Behind Secaucus High School, near the Hackensack River, is one of nature’s niftiest laboratories.
Until a few years ago, the 42-acre tide-restricted marsh was wall-to-wall Phragmites, an invasive reed that overran the region in the 1900s. Although some birds and butterflies like these tall reeds, they are too dense to attract the diversity of species that native grasses bring.
All that changed when the N.J. Meadowlands Commission ripped out the Phragmites, opened the site to the tides, and planted native grasses and other plants.
Although the marsh has been attracting lots of great birds — from warblers to rails — an experience this summer underscored just how crucial a change in habitat can be.
Story continues below.
During a survey in the marsh, NJMC Naturalist Mike Newhouse saw a rare sparrow called a seaside sparrow. In fact, just about the only place you can find this bird is in saltmarsh grasses.
He asked if I could go into the marsh and photograph the bird. Like a fool, I agreed.
It turned out that tide was high, and as I waded into the marsh, brackish water quickly poured over the tops of my rubber boots. I was quickly swallowed up by the marsh grasses, and I felt as though I were in the middle of nowhere, just miles from Manhattan.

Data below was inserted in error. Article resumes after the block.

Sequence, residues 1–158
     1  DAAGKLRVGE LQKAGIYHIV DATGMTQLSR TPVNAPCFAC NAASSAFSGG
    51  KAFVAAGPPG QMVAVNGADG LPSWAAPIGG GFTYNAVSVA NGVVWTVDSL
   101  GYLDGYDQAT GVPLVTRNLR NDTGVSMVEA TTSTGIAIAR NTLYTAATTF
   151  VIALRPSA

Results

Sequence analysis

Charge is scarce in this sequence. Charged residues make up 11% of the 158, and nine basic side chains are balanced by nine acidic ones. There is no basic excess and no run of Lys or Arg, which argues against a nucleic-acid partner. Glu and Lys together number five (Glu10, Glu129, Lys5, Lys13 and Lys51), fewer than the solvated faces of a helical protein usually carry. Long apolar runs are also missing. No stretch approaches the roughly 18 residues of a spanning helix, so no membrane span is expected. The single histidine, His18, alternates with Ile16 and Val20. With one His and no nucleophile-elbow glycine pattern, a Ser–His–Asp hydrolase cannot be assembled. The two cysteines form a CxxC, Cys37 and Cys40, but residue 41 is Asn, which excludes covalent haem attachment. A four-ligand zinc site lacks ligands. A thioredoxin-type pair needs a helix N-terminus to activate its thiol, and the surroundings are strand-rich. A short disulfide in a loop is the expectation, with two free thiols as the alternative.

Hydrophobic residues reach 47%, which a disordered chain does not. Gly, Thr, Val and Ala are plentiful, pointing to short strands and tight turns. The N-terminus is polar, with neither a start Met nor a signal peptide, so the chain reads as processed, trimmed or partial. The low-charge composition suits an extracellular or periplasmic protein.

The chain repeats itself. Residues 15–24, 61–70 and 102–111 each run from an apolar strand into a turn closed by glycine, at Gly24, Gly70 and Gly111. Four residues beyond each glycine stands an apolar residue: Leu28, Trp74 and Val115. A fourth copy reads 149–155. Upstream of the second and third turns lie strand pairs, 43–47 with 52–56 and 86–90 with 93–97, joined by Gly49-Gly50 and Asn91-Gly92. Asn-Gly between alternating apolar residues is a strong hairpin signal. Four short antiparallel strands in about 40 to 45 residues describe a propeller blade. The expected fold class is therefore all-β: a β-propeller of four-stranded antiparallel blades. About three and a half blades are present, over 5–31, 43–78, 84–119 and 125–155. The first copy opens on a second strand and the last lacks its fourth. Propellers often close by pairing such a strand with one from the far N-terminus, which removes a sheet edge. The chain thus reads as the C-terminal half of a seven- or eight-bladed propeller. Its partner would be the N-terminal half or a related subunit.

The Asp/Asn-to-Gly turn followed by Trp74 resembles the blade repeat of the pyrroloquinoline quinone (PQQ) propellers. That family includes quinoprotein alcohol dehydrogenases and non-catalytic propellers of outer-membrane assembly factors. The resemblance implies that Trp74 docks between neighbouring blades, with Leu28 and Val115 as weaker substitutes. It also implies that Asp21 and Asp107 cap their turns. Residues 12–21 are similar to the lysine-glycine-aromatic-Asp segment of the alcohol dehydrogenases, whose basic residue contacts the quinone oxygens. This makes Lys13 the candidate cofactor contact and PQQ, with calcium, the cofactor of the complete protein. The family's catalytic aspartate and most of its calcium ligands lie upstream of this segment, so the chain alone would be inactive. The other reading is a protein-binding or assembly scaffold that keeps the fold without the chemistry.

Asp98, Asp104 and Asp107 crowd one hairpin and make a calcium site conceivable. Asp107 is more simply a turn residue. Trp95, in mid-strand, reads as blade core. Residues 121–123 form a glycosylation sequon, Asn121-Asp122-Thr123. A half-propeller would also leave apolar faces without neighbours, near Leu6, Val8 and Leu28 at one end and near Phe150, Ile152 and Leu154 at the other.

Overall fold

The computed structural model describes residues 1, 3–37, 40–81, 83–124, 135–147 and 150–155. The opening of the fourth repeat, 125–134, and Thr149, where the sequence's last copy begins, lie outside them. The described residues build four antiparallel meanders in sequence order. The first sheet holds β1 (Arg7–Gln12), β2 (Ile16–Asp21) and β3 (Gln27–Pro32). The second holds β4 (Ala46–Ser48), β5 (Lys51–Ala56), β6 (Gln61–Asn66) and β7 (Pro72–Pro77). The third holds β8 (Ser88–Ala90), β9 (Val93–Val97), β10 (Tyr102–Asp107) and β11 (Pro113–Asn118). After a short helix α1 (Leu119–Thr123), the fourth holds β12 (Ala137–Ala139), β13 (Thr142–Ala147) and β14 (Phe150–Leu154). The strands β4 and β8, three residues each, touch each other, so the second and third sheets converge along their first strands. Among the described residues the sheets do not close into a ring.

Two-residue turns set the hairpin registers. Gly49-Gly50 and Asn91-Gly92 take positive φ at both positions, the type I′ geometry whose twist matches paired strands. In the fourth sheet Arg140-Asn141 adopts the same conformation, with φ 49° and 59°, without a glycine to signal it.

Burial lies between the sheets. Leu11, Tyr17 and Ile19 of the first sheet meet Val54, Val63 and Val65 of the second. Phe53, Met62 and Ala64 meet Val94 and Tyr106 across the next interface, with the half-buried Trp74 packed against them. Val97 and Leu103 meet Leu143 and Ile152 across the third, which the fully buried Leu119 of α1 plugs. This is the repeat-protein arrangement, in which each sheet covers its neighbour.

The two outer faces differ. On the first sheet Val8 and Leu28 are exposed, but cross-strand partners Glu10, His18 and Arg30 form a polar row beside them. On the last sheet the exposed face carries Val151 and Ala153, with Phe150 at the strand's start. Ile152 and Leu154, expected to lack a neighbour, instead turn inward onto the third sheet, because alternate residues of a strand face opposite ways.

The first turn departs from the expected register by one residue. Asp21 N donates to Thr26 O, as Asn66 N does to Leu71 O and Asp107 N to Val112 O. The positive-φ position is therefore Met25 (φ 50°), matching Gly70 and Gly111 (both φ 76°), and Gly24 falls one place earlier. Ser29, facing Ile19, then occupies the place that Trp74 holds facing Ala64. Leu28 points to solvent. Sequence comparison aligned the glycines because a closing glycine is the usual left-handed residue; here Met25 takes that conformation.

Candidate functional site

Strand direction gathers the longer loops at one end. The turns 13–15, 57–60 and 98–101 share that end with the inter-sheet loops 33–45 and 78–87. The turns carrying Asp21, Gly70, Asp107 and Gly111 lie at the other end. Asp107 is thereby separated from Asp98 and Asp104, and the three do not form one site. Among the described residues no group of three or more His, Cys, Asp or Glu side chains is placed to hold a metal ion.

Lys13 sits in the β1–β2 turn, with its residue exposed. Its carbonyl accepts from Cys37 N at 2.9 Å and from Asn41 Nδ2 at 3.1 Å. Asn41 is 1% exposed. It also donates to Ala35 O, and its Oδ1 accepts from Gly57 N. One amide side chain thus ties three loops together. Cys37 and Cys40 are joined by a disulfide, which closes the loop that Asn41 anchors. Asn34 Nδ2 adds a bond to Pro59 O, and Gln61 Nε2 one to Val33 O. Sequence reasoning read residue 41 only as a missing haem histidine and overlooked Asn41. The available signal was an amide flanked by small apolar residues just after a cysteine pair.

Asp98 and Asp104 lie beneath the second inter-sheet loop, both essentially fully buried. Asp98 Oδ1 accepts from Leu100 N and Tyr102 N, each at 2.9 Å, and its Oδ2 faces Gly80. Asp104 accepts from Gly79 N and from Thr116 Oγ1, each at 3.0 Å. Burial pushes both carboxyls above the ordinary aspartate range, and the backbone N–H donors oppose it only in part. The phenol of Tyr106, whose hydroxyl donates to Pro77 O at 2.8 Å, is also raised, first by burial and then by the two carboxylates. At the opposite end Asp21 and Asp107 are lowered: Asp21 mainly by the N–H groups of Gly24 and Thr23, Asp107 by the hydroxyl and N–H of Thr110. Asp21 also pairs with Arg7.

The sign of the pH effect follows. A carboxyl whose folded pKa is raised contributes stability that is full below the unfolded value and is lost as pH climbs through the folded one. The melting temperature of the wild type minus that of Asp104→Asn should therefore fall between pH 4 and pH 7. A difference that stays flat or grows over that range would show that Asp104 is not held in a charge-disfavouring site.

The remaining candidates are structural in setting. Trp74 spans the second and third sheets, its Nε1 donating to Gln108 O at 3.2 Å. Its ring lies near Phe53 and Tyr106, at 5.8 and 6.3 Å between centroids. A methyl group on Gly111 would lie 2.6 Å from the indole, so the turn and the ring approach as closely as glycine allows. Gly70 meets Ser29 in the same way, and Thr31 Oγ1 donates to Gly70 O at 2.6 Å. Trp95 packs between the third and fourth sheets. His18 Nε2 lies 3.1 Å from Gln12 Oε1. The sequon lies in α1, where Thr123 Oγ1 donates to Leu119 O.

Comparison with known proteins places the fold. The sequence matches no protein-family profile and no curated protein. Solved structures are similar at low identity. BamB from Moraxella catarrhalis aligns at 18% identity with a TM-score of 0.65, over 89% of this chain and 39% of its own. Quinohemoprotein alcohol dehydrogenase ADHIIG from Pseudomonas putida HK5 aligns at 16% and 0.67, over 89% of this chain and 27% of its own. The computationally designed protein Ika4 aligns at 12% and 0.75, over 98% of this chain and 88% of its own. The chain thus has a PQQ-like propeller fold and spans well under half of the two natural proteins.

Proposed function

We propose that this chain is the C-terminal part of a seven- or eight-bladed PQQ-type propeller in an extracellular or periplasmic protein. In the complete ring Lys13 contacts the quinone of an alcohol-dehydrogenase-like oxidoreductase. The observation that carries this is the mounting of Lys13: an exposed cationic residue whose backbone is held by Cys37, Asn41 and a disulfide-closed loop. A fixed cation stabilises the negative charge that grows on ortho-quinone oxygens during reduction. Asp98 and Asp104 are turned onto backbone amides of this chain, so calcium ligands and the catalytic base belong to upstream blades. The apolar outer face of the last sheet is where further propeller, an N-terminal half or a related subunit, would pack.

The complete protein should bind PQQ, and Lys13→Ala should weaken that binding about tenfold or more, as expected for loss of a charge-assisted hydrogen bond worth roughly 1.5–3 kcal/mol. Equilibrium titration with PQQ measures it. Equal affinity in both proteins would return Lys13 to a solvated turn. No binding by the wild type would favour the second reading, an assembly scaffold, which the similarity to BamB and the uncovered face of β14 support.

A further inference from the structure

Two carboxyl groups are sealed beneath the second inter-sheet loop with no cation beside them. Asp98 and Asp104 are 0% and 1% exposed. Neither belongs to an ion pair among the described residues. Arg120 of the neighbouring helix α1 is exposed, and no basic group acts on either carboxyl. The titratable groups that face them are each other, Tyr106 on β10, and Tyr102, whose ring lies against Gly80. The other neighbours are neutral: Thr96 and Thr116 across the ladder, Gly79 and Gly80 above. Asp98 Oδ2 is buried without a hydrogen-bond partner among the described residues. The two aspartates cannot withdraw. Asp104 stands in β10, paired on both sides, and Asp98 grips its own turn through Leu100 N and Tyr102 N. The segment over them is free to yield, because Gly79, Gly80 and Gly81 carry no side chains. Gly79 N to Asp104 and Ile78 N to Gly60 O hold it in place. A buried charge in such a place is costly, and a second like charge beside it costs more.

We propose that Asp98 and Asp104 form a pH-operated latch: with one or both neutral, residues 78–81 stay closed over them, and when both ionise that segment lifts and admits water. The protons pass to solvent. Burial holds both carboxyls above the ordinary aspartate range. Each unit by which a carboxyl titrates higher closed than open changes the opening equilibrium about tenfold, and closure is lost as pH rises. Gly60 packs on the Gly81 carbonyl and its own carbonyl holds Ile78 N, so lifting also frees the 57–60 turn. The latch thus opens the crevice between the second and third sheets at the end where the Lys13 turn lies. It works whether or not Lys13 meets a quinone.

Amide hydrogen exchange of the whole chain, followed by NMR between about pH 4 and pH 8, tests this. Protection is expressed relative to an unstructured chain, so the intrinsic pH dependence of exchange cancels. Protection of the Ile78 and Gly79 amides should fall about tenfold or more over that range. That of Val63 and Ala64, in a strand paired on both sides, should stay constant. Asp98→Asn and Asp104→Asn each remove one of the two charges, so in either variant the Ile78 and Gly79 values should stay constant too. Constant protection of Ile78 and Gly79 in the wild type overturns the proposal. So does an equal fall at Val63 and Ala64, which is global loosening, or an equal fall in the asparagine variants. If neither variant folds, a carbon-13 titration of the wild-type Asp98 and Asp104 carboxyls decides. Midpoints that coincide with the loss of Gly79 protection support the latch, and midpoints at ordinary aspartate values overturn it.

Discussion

In seconds, I spotted a sparrow in the distance — one I had never seen before. I managed to take a snap off a few photos before it flew.
Over the next half-hour, I searched futilely for another glimpse. I saw a lot of neat birds in the marsh, including several marsh wrens and an Eastern kingbird, but the sparrow had high-tailed it.
I waded back to dry land and sat on a trash bag the entire drive back to my office at DeKorte Park in Lyndhurst. I downloaded the photos I took, including a couple of the prized sparrow, and sent the best to Mike Newhouse for his approval.
There was just this one problem. I really hadn’t gotten a good look at the sparrow — I had just figured that it had to be the one we were looking for because I sure didn’t recognize it.
Mike reported back quickly: The bad news was I had photographed the wrong sparrow. The good news was that the bird I photographed was arguably even rarer — a saltmarsh sparrow.
Like the seaside sparrow, the saltmarsh sparrow is attracted to a particular grassy wetland called high marsh. It has been in decline ever since humans starting draining and filling wetlands a century ago.
The State of New Jersey considers the saltmarsh sparrow a bird of special concern when breeding, and a regional priority the rest of the year.
We believe that the bird nested in the Secaucus High School Marsh this summer. And we’d like to think that upgrading the marsh was part of the reason.
NJMC Communications Officer Jim Wright maintains the Commission’s daily nature blog, featuring beautiful photography and the latest info on the region’s natural wonders.